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6:44 AM Fri, Nov. 16th

El Trovatore Hill repairs months away from completion

The El Trovatore Hill section of Andy Devine Avenue won’t have its reconstruction finished until April, according to the City of Kingman Public Works Department.

Photo by Beau Bearden.

The El Trovatore Hill section of Andy Devine Avenue won’t have its reconstruction finished until April, according to the City of Kingman Public Works Department.

KINGMAN – Federal regulations appear to be the culprit in keeping the El Trovatore Hill portion of Andy Devine Avenue from being completed before the end of April.

City of Kingman Public Works Director Rob Owen informed City Council Tuesday that federal regulations require the curb ramps and driveways meet American Disabilities Act standards as part of a road reconstruction.

“Excuse me. Did you say April?” Mayor Monica Gates asked Owen at the meeting. “There’s no way to speed this up? This is the No. 1 question I’m asked at the coffee shops and grocery stores around town.”

Public Works was authorized by council to do the milling project in March. The Community Development Block Grant had to be amended to include the upgrades of the ramps and driveways. The grant’s review process is still 60-90 days out, but the survey for the design is completed. Construction plans and bid documents are being prepared before the formal bid process begins for the ADA phase of the project.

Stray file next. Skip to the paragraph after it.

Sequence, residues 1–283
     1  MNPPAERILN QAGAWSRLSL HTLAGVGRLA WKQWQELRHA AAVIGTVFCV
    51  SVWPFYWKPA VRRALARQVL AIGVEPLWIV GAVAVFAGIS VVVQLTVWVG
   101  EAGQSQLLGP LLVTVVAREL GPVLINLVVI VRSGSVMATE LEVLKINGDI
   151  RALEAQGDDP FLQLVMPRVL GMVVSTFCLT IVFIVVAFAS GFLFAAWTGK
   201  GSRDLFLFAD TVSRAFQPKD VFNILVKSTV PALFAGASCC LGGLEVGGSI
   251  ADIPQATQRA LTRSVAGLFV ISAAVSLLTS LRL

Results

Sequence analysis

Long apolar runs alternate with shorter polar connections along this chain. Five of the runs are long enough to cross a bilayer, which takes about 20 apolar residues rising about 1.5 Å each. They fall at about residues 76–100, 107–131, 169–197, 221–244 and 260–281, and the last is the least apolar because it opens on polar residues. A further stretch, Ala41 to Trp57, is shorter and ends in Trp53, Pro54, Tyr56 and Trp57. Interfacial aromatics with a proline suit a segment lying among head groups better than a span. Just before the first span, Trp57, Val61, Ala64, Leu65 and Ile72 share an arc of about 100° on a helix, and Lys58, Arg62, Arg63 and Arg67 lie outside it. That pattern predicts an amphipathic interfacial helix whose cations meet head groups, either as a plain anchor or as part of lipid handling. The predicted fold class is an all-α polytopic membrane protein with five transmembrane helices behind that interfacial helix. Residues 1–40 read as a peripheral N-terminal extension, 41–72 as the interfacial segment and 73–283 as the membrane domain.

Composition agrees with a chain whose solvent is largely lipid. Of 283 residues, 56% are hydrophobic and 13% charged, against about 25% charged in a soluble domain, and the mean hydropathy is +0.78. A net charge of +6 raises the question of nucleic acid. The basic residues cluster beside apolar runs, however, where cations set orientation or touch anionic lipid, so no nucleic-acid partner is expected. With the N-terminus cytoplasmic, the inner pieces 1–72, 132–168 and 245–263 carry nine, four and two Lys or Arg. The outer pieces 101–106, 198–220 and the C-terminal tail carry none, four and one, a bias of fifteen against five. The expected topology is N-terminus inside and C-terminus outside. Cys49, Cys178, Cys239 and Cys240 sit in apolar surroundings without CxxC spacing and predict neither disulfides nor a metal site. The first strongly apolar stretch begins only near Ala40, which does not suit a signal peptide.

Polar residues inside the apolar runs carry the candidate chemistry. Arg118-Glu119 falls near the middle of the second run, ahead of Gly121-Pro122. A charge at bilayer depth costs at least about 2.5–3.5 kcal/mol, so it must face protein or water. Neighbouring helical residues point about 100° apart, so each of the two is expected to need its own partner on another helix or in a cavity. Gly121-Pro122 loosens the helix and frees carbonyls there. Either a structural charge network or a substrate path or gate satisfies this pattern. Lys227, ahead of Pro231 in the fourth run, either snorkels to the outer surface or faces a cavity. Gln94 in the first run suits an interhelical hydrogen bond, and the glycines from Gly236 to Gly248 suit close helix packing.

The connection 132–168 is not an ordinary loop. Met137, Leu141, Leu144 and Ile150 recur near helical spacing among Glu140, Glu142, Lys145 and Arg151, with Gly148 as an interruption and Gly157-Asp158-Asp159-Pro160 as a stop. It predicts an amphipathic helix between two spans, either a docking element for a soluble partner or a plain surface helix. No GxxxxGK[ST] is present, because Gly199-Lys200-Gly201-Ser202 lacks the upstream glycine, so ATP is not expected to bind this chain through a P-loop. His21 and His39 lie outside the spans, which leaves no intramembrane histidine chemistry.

Public Works Streets Superintendent Jack Plaunty answered Gates’ inquiry about speeding things up. He said a lower-layer could be done, but doing that would raise the cost of the project approximately $700,000, about a 70-percent increase by putting down two layers. The second layer would put on after the ADA phase. City Council did not appear receptive to this way of completing the project.

The issue on El Trovatore Hill began after last year’s heavy rain season. Public Works fought to fill potholes after each rain as the top layer of asphalt had delaminated. Owen presented a video that showed the top layer rising when a leaf blower was inserted into a hole in the pavement. Instead of filling potholes after every rain, Public Works presented the milling project and council approved.

The ADA project is expected to begin in November at a cost of about $780,000. The mill and fill project is estimated at $1 million, and Public Works hopes to begin that part of the project in April.